Exhibition, Ida y Vuelta at Hunter College East Harlem Gallery

Mónica Félix, from the series "Oh You Don’t Look Puerto Rican," 2017

The Center for Puerto Rican Studies (CENTRO) in partnership with Hunter College East Harlem Gallery, has announced the exhibition, Ida y Vuelta: Experiencias de la migración en el arte puertorriqueño contemporáneo (Arrivals and Departures: Migration Experiences in Contemporary Puerto Rican Art), through September 30th. The exhibition, a major show featuring 19 artists whose works respond to the processes, causes, and consequences of traveling and living away from their place of origin, will mark the first time in ten years that CENTRO will be partnering with the Hunter East Harlem Gallery, neighbor to the CENTRO Library & Archives, as part of their 50th Anniversary celebrations.

Featured artists include: Abdiel Segarra Ríos, Adál Maldonado, Anabel Vázquez Rodríguez, Anaida Hernández, Antonio Martorell, Brenda Cruz, Carlos Ruiz Valarino, Edra Soto, John Betancourt, José Ortiz Pagán, Máximo Colón, Marta Mabel Pérez, Mónica Félix, Nayda Collazo Llorens, Norma Vila Rivero, Osvaldo Budet Meléndez, Pedro Vélez, Quintín Rivera Toro and Víctor Vázquez. Curated by Laura Bravo, PhD., with Assistant Curator Donald Escudero.

Pedro Vélez, "Consecuencias de la fuga de cerebros," 2014


The history of Puerto Rico has been marked by recurrent migrations, but none compare to the dramatic and unprecedented volume of people that have fled the archipelago in recent years. As a reflection of their own experiences or as a chronicle of a reality they have witnessed, eighteen artists present here their views of the phenomenon of migration, posing various, mostly autobiographical, concerns and perspectives. The risks of embarking on a complex adventure, the sensation of having bifocal lives—split between their place of residence and the memories that return to their minds—the feelings of estrangement, and the identity conflicts that result from life in a foreign society are a few of their focal points. Protracted economic and political crises are the targets of sharp criticism, as they are considered responsible for the alarming figures of the current migration. Recurrent travel and circular migration—represented by iconographic elements such as suitcases, airplanes, or maps—appear here as common practice for thousands of people of Puerto Rican origin.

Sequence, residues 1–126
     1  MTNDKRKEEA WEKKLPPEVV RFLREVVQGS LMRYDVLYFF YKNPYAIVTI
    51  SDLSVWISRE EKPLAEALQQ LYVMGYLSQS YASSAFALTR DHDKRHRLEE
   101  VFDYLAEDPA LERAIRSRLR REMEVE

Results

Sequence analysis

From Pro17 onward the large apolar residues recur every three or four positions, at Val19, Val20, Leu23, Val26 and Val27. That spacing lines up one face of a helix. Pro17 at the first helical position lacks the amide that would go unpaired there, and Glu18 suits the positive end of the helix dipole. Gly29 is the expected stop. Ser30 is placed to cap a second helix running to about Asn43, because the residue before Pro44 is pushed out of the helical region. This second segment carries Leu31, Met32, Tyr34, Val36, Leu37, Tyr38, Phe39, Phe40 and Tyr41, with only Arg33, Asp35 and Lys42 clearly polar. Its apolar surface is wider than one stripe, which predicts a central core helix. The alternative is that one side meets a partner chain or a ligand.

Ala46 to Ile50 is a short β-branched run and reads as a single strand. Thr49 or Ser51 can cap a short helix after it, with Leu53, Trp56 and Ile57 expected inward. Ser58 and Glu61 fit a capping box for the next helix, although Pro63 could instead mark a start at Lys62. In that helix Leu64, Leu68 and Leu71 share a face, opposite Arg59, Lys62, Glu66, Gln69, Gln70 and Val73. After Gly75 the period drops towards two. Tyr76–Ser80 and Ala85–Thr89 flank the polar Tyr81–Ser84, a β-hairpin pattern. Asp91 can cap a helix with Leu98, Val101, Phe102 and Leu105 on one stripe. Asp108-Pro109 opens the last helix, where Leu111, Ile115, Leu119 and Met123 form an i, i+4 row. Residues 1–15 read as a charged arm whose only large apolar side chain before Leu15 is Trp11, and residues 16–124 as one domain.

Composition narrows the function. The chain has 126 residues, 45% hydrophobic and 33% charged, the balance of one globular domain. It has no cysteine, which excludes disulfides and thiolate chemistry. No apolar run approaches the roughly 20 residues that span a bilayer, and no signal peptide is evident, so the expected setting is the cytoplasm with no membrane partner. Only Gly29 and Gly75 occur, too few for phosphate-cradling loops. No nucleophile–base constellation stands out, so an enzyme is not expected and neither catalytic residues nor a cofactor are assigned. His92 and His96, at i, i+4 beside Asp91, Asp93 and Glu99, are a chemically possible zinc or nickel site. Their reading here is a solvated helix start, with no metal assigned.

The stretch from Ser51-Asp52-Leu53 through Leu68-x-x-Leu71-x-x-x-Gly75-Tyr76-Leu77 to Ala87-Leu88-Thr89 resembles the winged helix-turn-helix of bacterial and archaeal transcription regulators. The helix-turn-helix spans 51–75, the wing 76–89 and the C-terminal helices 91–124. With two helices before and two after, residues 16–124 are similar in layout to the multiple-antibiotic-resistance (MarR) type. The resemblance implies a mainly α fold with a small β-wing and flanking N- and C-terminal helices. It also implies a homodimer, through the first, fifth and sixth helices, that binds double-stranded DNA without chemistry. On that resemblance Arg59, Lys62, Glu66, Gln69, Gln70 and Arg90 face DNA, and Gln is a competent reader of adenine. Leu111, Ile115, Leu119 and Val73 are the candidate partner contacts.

Máximo Rafael Colón, "Untitled," 1972

Ida y Vuelta, the product of an extensive research project, was exhibited at the Museum of History, Anthropology and Art of the University of Puerto Rico, Río Piedras Campus between 2017 and 2018. Hurricane Maria tragically upended the lives and disrupted the well-being of the millions of people living in Puerto Rico, causing an unanticipated interruption in the development of the exhibition. Their suffering and despair were felt by their families and friends throughout the diaspora. This event revealed and exacerbated insidious problems within the Puerto Rican government and catalyzed a multisectorial disaster and traumatic exodus. The exhibition’s evolving cultural context allows us to revisit these works of art anew—outside the geographical borders of Puerto Rico, and with a fresh perspective framed by recent history.

— Laura Bravo, Ph.D, Curator